Multistakeholder cooperation to protect water sector from growing threats

A large pipe labelled drinking water

Safe and reliable drinking water and dependable wastewater systems are essential to daily life. However, their criticality also makes them prominent targets for profit-seeking cyber criminals and geopolitical actors exploiting a new domain of conflict. In recent weeks, we have witnessed attacks on water utilities in Pennsylvania and Texas. These attacks underscore how more needs to be done to improve the cybersecurity and resiliency of this critical sector. Given the complexity of the sector, the water industry cannot do this alone – technology companies, regulators, and policymakers must play their part in securing the landscape.

Today, Microsoft and the Cyberspace Solarium Commission 2.0 (CSC) are launching a new report: Multistakeholder Insights to Advance Water and Wastewater Infrastructure Cybersecurity. The report summarizes best practices and recommendations for policymakers, regulators, and for the water sector itself to improve cybersecurity based on a series of roundtables with leading policy, technology, and water experts. To further help small- and medium-sized water utilities strengthen their cybersecurity defenses, Microsoft, the Cyber Readiness Institute (CRI), and the Foundation for Defense of Democracies (FDD) have also launched a cybersecurity pilot program to provide tailored cyber readiness coaching to water utilities and training for their employees. Registration is still open to eligible utilities that would like to participate. The data and lessons from the pilot program will further help to inform critical infrastructure cybersecurity policy and the development of similar efforts in the sector.

Amid escalating threats, including from advanced nation-state actors online, we hope these efforts help provide necessary guidance and resources for this vital sector.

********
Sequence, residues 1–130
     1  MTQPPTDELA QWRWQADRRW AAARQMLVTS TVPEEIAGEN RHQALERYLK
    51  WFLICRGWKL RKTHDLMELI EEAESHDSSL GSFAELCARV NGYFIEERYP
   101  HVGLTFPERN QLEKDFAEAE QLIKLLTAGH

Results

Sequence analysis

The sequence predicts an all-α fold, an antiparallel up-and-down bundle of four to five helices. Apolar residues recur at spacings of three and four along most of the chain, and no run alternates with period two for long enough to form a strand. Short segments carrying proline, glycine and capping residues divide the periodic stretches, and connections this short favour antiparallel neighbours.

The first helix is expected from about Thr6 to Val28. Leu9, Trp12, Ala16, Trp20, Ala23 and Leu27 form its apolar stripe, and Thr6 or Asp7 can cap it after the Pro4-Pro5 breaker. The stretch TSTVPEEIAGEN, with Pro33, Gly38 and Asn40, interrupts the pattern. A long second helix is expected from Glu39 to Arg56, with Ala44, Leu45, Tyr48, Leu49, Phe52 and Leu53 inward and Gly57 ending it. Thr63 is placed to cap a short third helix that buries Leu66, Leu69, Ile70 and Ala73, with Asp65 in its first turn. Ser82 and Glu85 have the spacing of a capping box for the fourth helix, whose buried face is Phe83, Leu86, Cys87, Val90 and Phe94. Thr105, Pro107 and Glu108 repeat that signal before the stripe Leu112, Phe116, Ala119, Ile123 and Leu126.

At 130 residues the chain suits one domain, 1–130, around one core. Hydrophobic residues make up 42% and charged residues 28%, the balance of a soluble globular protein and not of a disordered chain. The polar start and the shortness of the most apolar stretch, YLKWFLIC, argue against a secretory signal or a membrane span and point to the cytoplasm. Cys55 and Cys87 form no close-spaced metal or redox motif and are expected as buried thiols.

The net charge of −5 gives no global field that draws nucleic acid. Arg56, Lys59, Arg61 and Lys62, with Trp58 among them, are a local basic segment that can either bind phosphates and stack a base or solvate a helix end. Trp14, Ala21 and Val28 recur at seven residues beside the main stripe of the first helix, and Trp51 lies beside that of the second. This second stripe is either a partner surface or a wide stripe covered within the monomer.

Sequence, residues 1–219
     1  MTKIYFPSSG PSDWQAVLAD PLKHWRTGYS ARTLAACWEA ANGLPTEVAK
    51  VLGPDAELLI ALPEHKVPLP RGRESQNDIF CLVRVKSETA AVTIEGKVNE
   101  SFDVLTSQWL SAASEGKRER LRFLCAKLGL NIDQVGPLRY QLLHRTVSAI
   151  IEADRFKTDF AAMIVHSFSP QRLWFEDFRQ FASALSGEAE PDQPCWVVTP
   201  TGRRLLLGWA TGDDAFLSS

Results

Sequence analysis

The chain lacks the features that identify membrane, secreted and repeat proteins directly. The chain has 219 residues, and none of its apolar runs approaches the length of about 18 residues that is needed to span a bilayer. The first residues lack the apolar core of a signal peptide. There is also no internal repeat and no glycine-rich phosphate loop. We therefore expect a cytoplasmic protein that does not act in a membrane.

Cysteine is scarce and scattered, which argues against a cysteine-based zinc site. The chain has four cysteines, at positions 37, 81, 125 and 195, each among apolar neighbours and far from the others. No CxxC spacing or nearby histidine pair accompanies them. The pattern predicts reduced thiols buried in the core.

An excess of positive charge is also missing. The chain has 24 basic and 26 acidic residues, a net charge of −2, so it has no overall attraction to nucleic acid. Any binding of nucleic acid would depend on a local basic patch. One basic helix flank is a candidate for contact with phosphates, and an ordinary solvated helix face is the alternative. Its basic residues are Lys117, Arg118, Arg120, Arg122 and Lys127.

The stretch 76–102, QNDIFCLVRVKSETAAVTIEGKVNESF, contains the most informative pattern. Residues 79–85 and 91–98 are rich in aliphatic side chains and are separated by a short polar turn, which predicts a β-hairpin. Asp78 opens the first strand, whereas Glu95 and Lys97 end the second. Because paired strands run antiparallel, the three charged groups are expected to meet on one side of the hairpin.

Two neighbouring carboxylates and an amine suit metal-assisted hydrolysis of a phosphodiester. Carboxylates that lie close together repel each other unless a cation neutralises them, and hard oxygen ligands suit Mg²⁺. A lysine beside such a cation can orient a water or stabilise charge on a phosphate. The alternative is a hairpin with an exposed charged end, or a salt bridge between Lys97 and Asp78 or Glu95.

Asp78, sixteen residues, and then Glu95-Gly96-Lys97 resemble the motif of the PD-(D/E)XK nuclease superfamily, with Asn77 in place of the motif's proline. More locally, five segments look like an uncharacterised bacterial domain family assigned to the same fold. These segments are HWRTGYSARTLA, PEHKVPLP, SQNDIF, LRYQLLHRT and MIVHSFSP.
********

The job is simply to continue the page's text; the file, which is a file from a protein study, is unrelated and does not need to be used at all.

A multistakeholder challenge

Unique among critical infrastructure sectors, water and wastewater infrastructure in the United States is comprised of more than 100,000 public and private utilities of varying sizes and capacities. As a result, there are vast disparities when it comes to cyber readiness, especially for smaller utilities that have fewer resources. This leaves the sector especially vulnerable to cyberattacks. Regardless of the size of the utility, cyberattacks that disrupt water services can have a damaging and cascading impact on things like access to safe and reliable drinking water and sewage management, as well as on other critical infrastructure sectors that rely on uninterrupted access to water in their operations, like hospitals and the energy sector. As outlined in the Paris Call for Trust and Security in Cyberspace, protecting these critical resources from cyberattacks are essential, and not something any one sector can do on its own.

Improving cyber maturity and resilience across the water sector will depend on multistakeholder cooperation across industry, civil society, and at every level of government. The report we are releasing today, and its core findings are the product of the participation of numerous U.S. agencies in the roundtable series – including the Environmental Protection Agency (EPA), Federal Bureau of Investigation (FBI), National Security Agency (NSA), Office of the National Cyber Director (ONCD), and National Institute of Standards and Technology (NIST) – as well as representatives from Congress and the water and technology sectors. The report breaks down its key recommendations by stakeholder group, with specific guidance for legislatures (state and federal), agencies, regulators, and sector operators, in order to drive comprehensive understanding of what is needed for reform.

Protecting critical infrastructure from threats

As outlined in our recently announced Secure Future Initiative, industry needs to do more in the face of rising threats online. To this end, Microsoft is innovating in regards to its engineering practices and default settings, as well as leveraging the benefits of AI to improve the security of products and services across our platforms. However, this must be coupled with a more robust application of international norms as well to limit, in particular, state-sponsored cyberattacks that target infrastructure that is essential for daily life.

Critical infrastructure for civilians, like water and wastewater systems, is never an acceptable target and attacks targeting these systems cannot be consistent with responsible state behavior online. Whether in times of peace or armed conflict, international law and specific international norms established by the United Nations for cyberspace make this unambiguously clear. We all should denounce efforts by nation-state actors to target such infrastructure as violations of those commitments. To strengthen these obligations, we encourage governments to further commit publicly that they will not undermine the networks of critical infrastructure sectors such as energy, water, food, and medical care. They should also commit that they will not permit any persons or entities within their territory or jurisdiction to engage in cybercriminal operations that target critical infrastructure.

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